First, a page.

Non-Austen Films for Austen Fans

So if you are like me, you love Jane Austen:

You like to read her books and watch her movies:

 

There are a ton of different variations in books and film-but what about when you are done? What about when you finish watching every version of Jane Austen in film and have nothing else to watch?

Last year I started a series called Non-Austen Reads for Austen Readers, where I review books not written or based on Jane Austen, but ones I think Austen fans will enjoy. I decided to continue that and do a series on Non-Austen Film for Austen Fans (including TV shows as well.)

I haven’t decided if with the TV series I will review by episode or season, or just one review-I’ll have to play it by ear. But below are what I plan on reviewing!

The Buccaneers (1995)

Aristocrats (1999)

North & South (2004)

Under the Greenwood Tree (2005)

Lark: Rise to Candleford (2008-2011)

Downton Abbey (2010-2015)

The Paradise (2012-2013)

The Crimson Field (2014)

Poldark (2015-)

Doctor Thorne (2016)

To All the Boys I’ve Loved Before (2018)

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Dangerous to Know, Jane Austen’s Rakes & Gentlemen Rogues: MILD

So today is Jane Austen’s birthday!

And what better gift than a review of:

 

Dangerous to Know: Jane Austen’s Rakes & Gentlemen Rogues edited by Christina Boyd

So it’s that time again, bring out the bad boys:

For those of you who missed post oneDangerous to Know, is compilation novel of the bad boys of Jane Austen-Mr. Willoughby, Mr. Wickham, Captain Tilney, General Tilney, Mr. Elliot, Mr. Thorpe, and more.

Each story takes place before the Austen book, during the book, or after the book-giving us a look into these guys’ minds and from their point of view. One of the most interesting things about this subject is that we don’t know a lot about these bad boys in Austen’s work. Most of these men, besides Wickham, play a small role-but have a big impact. This allows the authors a ton of wiggle room and almost anything can happen.

The other thing about this book is that…well…this is about rakes and rogues, so you know…they aren’t the best of men or respectful…you know…so some of them are going to be more sexy.

Hmm…

And I just want to say thank you to Christina Boyd for including this little chart to help you:

Mature Content Guidelines:

  1. None: Possible kissing and affection.
  2. Mild: Kissing.
  3. Moderate: Some sexual references but not explicit.
  4. Mature: Some nudity and some provocative sex.
  5. Erotic: Explicit, abundance of sex.

Because not everyone is interested in books like this:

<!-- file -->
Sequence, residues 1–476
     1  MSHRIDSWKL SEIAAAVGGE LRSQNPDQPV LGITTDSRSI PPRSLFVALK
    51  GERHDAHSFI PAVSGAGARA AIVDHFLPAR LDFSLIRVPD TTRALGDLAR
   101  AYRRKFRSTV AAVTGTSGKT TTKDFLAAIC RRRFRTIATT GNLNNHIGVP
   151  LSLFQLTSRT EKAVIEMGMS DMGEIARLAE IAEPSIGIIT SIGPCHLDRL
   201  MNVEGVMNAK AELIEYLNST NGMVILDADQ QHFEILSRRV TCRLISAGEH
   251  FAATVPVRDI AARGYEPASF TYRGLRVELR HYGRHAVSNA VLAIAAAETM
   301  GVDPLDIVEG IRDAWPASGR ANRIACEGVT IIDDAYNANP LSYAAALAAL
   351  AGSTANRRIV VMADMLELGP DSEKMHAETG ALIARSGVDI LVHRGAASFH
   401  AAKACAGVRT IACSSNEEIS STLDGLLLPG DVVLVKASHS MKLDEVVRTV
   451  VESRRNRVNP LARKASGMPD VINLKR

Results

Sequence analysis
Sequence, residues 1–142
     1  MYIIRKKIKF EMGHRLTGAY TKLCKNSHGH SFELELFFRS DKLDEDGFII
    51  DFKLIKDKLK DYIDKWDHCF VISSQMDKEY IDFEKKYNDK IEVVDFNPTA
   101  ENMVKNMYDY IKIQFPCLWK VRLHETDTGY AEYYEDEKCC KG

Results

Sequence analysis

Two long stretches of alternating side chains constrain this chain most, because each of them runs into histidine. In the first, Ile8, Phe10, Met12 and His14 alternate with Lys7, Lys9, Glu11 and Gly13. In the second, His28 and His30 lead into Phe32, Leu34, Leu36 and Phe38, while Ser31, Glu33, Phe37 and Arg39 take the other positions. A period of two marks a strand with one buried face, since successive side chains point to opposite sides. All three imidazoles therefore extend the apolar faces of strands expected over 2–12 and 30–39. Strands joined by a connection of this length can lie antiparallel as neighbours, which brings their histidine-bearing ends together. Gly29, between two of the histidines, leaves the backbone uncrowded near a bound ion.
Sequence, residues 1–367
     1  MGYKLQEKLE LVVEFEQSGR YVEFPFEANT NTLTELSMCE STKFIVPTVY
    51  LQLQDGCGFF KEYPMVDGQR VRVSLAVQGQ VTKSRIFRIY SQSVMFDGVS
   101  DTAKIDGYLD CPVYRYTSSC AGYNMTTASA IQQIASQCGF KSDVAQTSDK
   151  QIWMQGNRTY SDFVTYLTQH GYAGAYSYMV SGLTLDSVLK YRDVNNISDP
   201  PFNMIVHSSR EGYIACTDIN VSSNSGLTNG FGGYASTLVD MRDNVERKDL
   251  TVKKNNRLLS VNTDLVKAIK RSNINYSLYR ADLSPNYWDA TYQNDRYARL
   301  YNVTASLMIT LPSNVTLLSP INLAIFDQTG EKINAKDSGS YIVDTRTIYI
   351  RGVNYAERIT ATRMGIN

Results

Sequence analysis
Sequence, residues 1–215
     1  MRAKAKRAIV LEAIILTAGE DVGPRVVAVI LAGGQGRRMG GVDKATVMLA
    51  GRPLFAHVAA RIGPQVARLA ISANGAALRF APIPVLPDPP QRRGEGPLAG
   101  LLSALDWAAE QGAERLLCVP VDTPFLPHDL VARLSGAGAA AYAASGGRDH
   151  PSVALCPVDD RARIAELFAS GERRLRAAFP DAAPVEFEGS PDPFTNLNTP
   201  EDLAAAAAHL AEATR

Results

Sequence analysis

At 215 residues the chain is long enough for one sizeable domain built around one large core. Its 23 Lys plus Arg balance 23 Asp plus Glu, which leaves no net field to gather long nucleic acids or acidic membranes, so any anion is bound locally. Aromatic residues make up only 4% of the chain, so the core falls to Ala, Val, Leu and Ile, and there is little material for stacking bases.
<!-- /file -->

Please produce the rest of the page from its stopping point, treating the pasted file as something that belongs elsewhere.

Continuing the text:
It’s nice giving us a head’s up so those that aren’t interested know to skip or skim, or those that are, can enjoy.

Something for everyone

So last time I reviewed the none posts, in which we had a stories on Captain Fredrick Tilney, General Tilney and John Thorpe from Northanger Abbey; along with Sir Walter Elliot from Persuasion. I loved these stories as some of these men I love to hate and it made me hate them ever more:

And some men I have hated and actually began to like them:

I know, but true.

Let me say, that if you can get me-one of the most stubborn people in the world-to change their thinking…that is some fantastic writing.

So now onto the mild posts-just to refresh you memory, that means kissing.

The Address of a Frenchwoman by Lora Manning

So when I saw that this story was about Tom Bertram I was surprised and confused.

Huh?

I never really saw him as a rogue or rake-to be honest I have never really focused on him when reading the story- and with how awful Henry Crawford is in that story, his rogueness overshadowed all.

But after reading this I really started thinking about his character and Manning is right. Tom Bertram is the oldest son-a gambler, drinker, and partier. Because of him, they have to sell his brother, Edmund Bertram’s, living-parsonage-to strangers.

He’s a man born into a life of privilege, gambles, sleeps around, and never considers how his actions affect others, nor does he care-like F. Scott Fitzgerald says-

“They were careless people…they smashed up things and creatures and then retreated back into their money or their vast carelessness or whatever it was that kept them together, and let other people clean up the mess they had made.”

But unlike the other bad boys, he does change after a long illness. When he gets through it, he begins to think of his life differently.

In this story, Tom is telling his friends a story about how he met his dream girl, a French woman, Rose. It all started when he visited a racetrack to place a bet. He is interrupted when a beautiful French woman is being assaulted by two ruffians. Tom steps in to help her, and finds himself smitten.

They have so much in common, they spend all their time together-except when Rose has to work, singing, to pay for all the aid she received in her escape from the Reign of Terror. Tom wishes to marry her, but she turns him down.

Disheartened, despondent, he returns home to put on a risqué play, but is thwarted by his father. From there he goes off again to the racetrack and runs into  horrifying truth that brings his undoing. Rose is not at all who she seems…

Thoughts After Reading:

I thought this was really good. I figured out the end of the tale in the beginning, but that didn’t take away from the story. I also liked how the author wrote the Rose character. I found it to be very enjoyable.

Fitzwilliam’s Folly by Beau North

Like the previous story when I saw that Darcy’s cousin Colonel Fitzwilliam was included as a rogue or rake I was confused.

I mean he seemed like a nice guy to me.

Hmm…

So I began to think about it.

Hmmm….